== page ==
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Energy supply to remote bases is one of the major concerns of military forces. A new generator creates power using “elastic tension gradient” strips. A patent was issued to the U.S. Army Corps of Engineers for a novel generator that buzzes in a light breeze.
The Corps of Engineers’ technology, scaled up, could expand the geographic boundaries of wind energy production to places with historically low winds. The development can be applied in the renewable energy market, and the military sector is also is interested in it for powering expeditionary forces.
The prototype’s generator uses low-velocity winds — less than nine miles (24 km) per hour, which are not strong enough to turn a traditional wind turbine’s blades.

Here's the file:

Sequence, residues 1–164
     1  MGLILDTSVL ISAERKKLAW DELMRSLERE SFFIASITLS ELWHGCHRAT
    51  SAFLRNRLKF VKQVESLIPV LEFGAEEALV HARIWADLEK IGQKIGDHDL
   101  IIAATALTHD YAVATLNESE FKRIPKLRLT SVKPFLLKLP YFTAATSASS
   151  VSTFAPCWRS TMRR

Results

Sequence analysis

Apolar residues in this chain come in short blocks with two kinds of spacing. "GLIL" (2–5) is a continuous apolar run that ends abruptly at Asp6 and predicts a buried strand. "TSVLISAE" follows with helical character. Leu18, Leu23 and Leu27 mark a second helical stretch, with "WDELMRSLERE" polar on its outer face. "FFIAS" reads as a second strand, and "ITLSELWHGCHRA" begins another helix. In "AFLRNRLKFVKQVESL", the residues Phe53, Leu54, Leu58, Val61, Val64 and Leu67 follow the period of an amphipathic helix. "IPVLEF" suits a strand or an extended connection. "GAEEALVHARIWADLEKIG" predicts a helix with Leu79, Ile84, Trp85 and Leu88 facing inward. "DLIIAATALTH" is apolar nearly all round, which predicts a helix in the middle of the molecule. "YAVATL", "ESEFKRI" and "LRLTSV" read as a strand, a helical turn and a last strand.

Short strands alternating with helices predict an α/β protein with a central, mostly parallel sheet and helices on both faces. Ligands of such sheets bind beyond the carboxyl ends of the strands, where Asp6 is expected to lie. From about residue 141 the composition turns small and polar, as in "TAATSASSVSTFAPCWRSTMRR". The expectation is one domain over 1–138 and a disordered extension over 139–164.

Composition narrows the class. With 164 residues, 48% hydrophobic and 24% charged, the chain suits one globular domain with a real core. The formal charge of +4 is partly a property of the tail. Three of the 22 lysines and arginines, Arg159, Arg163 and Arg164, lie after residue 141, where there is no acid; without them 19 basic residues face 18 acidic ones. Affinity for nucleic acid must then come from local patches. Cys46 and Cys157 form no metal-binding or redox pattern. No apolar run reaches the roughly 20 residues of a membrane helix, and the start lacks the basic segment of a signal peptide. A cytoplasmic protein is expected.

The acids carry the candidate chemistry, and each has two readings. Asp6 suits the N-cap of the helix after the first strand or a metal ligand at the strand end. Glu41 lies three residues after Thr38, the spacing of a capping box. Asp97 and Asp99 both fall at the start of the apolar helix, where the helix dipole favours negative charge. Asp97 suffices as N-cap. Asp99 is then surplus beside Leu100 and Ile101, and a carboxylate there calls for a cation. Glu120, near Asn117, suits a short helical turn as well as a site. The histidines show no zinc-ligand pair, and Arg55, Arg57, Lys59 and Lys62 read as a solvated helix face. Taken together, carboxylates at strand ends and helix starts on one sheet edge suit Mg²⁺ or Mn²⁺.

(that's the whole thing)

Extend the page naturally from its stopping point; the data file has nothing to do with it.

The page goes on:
The prototype, built at the Corps’ Engineer Research and Development Center, has a base structure made of PVC piping that supports eight elastic strips mounted vertically on rotating tensioning tubes.
The strips are positioned in parallel with the wind’s direction and their front-to-back elasticity gives them a constant serpentine wiggle, which moves an embedded copper induction coil across a smooth pipe containing magnets. Wiring transmits the induced electricity from the coil generators to a power converter and output where it can be used for all sorts of work, according to phys.org.